State of the State Response

 House Minority Whip Delegate Jeannie Haddaway-Riccio will deliver the Republican response to the Governor’s State of the State Speech.  The response will air on MPT today following the Governor’s speech at Noon.    The Governor’s speech and Delegate Haddaway-Riccio’s response can be viewed here The text of her speech is below.


Good afternoon.  I’m Jeannie Haddaway-Riccio and I am a member of the Maryland House of Delegates from the 37th District on the Eastern Shore. 

I was recently elected Minority Whip in the House and have therefore been afforded the privilege to address you today.

I want to thank Maryland Public Television for providing us with this opportunity and I would like to thank you – the viewers – for taking the time to listen to an alternative point of view from the Republican Caucus. 

As you know, there is an important difference between hearing and listening.  As voters in Maryland – you sent us a strong message in the last election. 

The crux of your message was to slow government spending, improve our economy and ensure a stronger future for our State.  I believe that you were also saying put the politics aside and get the job done.  The Maryland Republican Party wholeheartedly agrees.


With that in mind, we expected a budget that was lean, that curbed spending and that addressed our structural deficit. 

But over the past few days, legislative leaders on both sides of the aisle have noted the fact that the Governor’s budget only reduces the deficit from $1.6 billion to $1.2 billion. 

While the Governor has made a start, it simply is not enough.

With spending still outpacing revenues, it will now be up to the Maryland General Assembly to do the heavy lifting.

We understand that this is not an easy task and it’s one that requires us to weigh our decisions not as Democrats or Republicans, but as representatives of the people. 

The citizens of Maryland have the expectation that we restore the fiscal health of our State and get government back to its core functions and out of your everyday life.

As a Caucus, that is a responsibility that we take very seriously.

While it would be easier to sit on the sidelines and criticize, we have chosen to be leaders in this process. 

Again this year, our budget recommendations significantly reduce the state’s deficit without raising taxes, without reducing vital services and without harming vulnerable populations.

These accomplishments highlight key differences in our philosophy and approach.

We agree with the Governor’s decision to end state employee furloughs, but to provide every state employee with a $750 bonus and five more days of paid vacation in the midst of a $1.2 billion deficit is irresponsible – especially if it is being paid for with a tax on hospital patients and nursing home residents.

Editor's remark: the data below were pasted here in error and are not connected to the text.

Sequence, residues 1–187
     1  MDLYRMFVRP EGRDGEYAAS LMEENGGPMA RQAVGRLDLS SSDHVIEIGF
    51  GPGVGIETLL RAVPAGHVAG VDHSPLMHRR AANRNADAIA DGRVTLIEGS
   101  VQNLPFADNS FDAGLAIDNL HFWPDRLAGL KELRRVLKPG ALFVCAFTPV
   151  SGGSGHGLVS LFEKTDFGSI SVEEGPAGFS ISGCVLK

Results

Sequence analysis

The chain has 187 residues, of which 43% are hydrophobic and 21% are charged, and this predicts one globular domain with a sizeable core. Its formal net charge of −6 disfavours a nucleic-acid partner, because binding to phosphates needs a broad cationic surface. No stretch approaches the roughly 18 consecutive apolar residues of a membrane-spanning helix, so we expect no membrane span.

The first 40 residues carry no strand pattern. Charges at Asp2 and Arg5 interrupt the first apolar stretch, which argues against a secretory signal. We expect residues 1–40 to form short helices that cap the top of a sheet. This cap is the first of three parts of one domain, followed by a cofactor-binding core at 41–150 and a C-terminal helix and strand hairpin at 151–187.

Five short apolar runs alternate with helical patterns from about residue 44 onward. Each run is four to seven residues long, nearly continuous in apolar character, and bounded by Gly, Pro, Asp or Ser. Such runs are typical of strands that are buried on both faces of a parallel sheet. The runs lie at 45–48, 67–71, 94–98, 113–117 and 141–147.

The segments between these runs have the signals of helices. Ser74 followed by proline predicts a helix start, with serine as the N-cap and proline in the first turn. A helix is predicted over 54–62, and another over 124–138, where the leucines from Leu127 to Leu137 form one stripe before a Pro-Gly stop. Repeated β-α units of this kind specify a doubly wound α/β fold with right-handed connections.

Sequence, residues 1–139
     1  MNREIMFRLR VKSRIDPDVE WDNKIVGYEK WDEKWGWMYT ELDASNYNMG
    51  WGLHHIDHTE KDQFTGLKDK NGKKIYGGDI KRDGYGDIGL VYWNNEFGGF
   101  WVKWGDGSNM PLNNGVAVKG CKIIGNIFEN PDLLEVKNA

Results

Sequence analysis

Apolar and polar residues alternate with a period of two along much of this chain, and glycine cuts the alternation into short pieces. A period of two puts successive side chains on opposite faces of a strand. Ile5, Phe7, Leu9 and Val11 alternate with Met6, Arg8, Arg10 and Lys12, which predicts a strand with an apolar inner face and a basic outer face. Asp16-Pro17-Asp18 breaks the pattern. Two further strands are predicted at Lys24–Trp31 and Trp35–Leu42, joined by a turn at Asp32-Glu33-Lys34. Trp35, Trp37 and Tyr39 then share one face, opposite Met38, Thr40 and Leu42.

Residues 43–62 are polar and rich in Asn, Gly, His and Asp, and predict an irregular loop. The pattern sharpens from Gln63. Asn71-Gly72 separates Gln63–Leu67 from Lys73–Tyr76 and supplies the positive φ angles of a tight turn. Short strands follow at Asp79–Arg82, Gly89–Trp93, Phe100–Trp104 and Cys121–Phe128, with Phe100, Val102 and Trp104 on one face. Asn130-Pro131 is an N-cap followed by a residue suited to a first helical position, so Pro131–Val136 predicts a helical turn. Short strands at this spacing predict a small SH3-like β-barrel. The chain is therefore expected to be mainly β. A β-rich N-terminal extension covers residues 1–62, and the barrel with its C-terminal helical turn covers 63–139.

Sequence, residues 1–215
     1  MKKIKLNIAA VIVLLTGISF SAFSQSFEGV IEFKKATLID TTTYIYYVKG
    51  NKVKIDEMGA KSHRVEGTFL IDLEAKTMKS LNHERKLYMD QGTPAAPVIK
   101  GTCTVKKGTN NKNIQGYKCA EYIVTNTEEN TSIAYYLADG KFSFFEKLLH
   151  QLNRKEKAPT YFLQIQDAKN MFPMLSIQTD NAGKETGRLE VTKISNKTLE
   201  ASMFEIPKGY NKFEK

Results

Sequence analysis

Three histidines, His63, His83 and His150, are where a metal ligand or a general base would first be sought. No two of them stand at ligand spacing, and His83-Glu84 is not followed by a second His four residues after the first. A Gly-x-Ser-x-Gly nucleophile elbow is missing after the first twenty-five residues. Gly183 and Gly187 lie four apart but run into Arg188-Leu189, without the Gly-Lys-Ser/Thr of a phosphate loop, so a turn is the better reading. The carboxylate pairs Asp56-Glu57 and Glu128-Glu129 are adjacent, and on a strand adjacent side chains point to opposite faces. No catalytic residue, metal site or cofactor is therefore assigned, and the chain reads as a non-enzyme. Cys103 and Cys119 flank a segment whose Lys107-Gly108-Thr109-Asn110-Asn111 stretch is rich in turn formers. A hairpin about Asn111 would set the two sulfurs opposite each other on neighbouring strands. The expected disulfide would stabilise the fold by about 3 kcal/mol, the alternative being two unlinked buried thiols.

Similarly, we agree with the Governor on the urgent need for pension reform.   This is particularly important given the fact that our pension shortfall has grown to billions of dollars. 

But the savings achieved from that reform should be re-invested in the fund to ensure solvency in the system.  Employees who have worked hard for many years deserve the peace of mind that their retirement will be there when the time comes.

We also oppose the continued practice of raiding funds to fuel new spending.  In the Governor’s FY2012 budget, dedicated tax payer dollars in the Transportation Trust Fund and the Chesapeake Bay Restoration Fund will again be diverted for other purposes. 

At the same time, Democratic leaders are seeking to increase taxes and fees for these funds. How can we – in good conscience – expect taxpayers to entrust their money to these purposes when the funds are continually raided for new spending?

In examining the capital budget, we looked at its effect on our State’s long term debt.  Many legislative members, including myself, have important projects that we would like to have funded, but in light of the economic times we face, our Caucus has asked that these projects not be funded. 

We believe this to be a more measured approach that provides breathing room and security for the future.

The Governor also focused on the need to create and retain jobs in the State of Maryland.

Maryland is fortunate to have economic engines such as the Port of Baltimore and lucrative industries such as biotechnology and cyber security.  Our beautiful natural resources also allow us to benefit from tourism, film and the arts.

But addressing the regulatory entanglements and the tax climate in our state would allow us to grow exponentially.  In a time of global competition, we cannot afford to enact policies that cause Maryland to be at a disadvantage. 

All time high unemployment insurance rates and the prospect of more government intervention in wage setting and employment practices will be devastating to our small businesses. 

Also of concern is our rush to be first in enacting Federal health care reform.  It’s important for health care to be affordable and accessible, but creating a new state agency and a government-run health care exchange costs money, adds bureaucracy and risks Maryland jobs.